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Modern Trends in the Healthcare Field

It’s no secret that the healthcare field is rapidly changing. With the baby boomer generation aging and millennial workers joining the healthcare ranks, there are some significant modern trends in the healthcare field today.

A primary trend is a shortage of skilled health IT professionals. Today, most medical records and other hospital proceedings are taking place online. However, there are not enough IT professionals present to keep up with the demand.

As healthcare continues, the need for highly skilled talent also increases, so this is a worrisome trend that has appeared. While there are a significant number of opportunities in this area, pay scales will have to increase in order to attract people to go into these fields.

Another trend is healthcare facilities preparing for the ACA. From huge hospitals to even small family practices, healthcare businesses are focusing on how the ACA is going to affect their daily operations, patients, and the bottom line.

Communicating effectively and reaching out are going to be key factors. Administrators will need to inform their employees and patients about any changes in coverage, access to care, and benefits as the ACA becomes a larger part of healthcare.

There are going to be more opportunities for specialty training and some of these opportunities already exist. The pending shortage in physicians and an overall increase in demand for healthcare practitioners are going to lead to greater opportunities for PAs, PTs, specialty nurses, and NPs. Employment of just physician assistants is expected to grow 30% in the next ten years, which is significantly higher than any other field of employment.

These are some of the primary trends happening in healthcare today. With huge changes in internet technology, the Affordable Care Act, and an increased demand for practitioners, the healthcare field is changing rapidly to meet new demands and adjust to patient care.

5 Responses so far.

  1. Larry says:

    this trend isn’t specific to healthcare, Wingrove said. Many industries are facing some huge challenges, not least of which is seeing a serious increase in the number of older people – the baby boomers – backing out of the workforce. issues arise when organizations, in particular those in the healthcare realm, have skilled senior people as opposed to “generalists. “They’re looking to retain that experience, he said. So there’s a bit of tension there. You have people who are skilled managerial staff and are generalists who you can replace more easily, and then you have senior people. Retaining experience is critical, and in some fields, like healthcare, “we’re not seeing sufficient talent come through.

  2. Mary says:

    I have noticed some of these trends over the last couple of years, like the fact that you have to have three or four different doctors just to do what one doctor used to be able to do. Whatever happened to the general practitioner that could solve any problem and then the only other doctor you saw was an occasional surgeon. Great post thank you for sharing.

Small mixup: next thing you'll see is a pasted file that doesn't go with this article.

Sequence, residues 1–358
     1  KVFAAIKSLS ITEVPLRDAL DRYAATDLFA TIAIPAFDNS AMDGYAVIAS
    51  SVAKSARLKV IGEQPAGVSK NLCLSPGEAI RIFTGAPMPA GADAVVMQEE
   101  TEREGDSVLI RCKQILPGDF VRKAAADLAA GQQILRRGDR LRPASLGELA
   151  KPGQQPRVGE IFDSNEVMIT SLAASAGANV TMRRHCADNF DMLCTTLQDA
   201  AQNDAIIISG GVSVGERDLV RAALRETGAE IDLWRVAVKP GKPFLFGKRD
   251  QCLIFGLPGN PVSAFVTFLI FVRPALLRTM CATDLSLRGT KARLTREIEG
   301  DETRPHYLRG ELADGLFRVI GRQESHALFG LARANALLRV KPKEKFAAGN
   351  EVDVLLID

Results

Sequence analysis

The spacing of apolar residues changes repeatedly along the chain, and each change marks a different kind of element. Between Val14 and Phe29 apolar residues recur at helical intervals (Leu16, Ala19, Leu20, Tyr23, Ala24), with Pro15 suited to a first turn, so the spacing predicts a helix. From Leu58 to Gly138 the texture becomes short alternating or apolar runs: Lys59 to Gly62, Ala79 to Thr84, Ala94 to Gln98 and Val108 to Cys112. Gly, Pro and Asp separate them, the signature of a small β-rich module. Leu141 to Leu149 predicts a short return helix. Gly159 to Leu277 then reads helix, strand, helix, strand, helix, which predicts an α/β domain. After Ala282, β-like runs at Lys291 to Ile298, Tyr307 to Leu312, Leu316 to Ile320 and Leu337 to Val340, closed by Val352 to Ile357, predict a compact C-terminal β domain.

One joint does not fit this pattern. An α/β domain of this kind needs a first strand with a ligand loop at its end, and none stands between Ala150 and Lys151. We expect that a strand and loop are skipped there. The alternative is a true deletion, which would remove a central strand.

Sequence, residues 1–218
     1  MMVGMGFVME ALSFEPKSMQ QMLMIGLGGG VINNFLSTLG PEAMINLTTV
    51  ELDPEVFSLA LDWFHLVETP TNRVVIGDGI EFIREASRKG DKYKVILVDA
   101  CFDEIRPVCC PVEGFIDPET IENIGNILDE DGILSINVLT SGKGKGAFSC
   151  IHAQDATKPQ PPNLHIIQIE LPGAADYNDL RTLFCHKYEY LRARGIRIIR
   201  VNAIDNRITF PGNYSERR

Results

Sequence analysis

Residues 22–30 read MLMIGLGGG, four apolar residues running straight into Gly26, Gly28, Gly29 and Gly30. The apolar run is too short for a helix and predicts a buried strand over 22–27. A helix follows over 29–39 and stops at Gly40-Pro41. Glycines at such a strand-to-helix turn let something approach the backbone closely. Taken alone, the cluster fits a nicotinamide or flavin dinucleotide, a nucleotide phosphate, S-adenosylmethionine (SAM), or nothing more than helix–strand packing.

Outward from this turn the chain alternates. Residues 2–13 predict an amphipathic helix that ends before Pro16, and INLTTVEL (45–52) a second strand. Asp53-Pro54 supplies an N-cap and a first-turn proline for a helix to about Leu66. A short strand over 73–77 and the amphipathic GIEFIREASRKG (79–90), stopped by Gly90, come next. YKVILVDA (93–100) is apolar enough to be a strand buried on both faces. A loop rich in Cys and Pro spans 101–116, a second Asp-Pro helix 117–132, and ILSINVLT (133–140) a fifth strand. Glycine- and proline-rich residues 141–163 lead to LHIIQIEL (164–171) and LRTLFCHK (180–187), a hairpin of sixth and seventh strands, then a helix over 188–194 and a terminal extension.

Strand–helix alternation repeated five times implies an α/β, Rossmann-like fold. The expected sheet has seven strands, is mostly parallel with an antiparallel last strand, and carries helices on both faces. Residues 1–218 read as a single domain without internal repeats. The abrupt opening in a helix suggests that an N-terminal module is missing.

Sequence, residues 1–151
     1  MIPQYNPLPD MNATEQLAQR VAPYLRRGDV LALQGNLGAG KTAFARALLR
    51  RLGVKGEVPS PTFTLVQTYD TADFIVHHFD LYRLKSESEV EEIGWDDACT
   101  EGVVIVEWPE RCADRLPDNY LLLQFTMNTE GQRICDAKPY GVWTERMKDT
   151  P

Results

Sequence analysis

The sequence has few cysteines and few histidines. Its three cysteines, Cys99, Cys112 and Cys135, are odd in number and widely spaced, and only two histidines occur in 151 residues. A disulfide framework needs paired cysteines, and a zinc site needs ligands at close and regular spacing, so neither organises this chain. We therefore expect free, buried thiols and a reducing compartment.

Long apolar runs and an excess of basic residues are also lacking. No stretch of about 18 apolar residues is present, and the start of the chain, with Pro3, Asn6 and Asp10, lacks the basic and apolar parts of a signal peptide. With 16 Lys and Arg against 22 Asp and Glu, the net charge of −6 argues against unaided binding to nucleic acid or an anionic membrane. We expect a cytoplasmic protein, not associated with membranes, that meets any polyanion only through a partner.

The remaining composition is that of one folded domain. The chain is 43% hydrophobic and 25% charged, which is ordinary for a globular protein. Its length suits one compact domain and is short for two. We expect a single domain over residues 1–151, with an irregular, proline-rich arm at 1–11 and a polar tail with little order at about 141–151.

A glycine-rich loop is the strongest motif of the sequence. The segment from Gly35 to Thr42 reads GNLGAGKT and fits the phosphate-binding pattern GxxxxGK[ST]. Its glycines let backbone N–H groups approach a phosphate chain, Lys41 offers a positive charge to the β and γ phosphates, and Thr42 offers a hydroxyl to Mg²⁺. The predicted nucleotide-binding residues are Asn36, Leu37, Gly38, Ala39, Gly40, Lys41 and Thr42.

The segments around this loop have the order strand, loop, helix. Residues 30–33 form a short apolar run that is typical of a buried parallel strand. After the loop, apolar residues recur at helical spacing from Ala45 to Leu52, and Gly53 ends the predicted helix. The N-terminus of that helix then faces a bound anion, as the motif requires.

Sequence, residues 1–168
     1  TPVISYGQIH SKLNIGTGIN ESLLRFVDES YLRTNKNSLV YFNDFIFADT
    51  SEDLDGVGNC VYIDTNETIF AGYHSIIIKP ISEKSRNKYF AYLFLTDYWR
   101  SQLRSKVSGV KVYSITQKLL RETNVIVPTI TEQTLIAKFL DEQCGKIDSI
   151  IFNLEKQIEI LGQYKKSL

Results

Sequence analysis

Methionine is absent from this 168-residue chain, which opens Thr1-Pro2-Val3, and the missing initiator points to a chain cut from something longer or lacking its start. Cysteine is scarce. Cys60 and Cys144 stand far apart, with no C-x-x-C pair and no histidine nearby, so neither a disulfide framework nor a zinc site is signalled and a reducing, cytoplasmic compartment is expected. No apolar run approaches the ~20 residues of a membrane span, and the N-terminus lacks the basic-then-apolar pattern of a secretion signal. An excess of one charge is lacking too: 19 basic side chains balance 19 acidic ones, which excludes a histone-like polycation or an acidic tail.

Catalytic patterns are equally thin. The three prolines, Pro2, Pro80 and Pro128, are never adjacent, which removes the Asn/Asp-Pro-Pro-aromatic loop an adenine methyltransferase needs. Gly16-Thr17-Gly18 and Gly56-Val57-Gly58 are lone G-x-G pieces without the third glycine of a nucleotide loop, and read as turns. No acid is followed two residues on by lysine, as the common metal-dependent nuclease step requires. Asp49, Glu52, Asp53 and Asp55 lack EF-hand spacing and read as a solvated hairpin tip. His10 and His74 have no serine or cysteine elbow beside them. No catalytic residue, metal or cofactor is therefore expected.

3. Monty says:

    While today’s news is bombarding us with headlines about Healthcare.gov, the Affordable Care Act isn’t just about insurance coverage. The legislation is also about transforming the way health care is provided. Consequently, it has ushered in new competitors, services and business practices, which are in turn generating substantial industry shifts that affect all players along health care’s value chain. It’s no secret that providers are moving quickly to implement accountable care organizations (ACOs). Recently, the Premier healthcare alliance released a survey of hospital executives projecting that ACO participation will nearly double in 2014. As providers work to improve their way to shared savings payments, look for a more intensive focus on the biggest health care consumers: those with multiple chronic conditions.

  4. James says:

    Your 2014 agenda: Exchanges, Medicaid expansion, and consolidation. With mid-term elections, insurance exchanges (love them or hate them), provider consolidation, cost management, and an economy that is growing slowly, this all points to an interesting year. I suppose it helps to keep an eye out for the trends for 2015, and the areas that management should keep an eye on. If you stay privy to this rapidly changing field, you may the early bird for a good job. I wonder if having technical / computer skills can help you get an administrative or tech job in this field.

  5. Ross says:

    Back in the mid 1990’s, when hospitals and other medical facilities were still storing paper medical records, My friend and I had an idea to scan medical records into digital format. I guess we could say we might have been innovators in the medical field because today, all medical facilities are networked via computer and all medical records are stored in the cloud. The universal use of digital record keeping certainly has to be creating a big demand for IT professionals and this gives unemployed webmasters and developers a second life.

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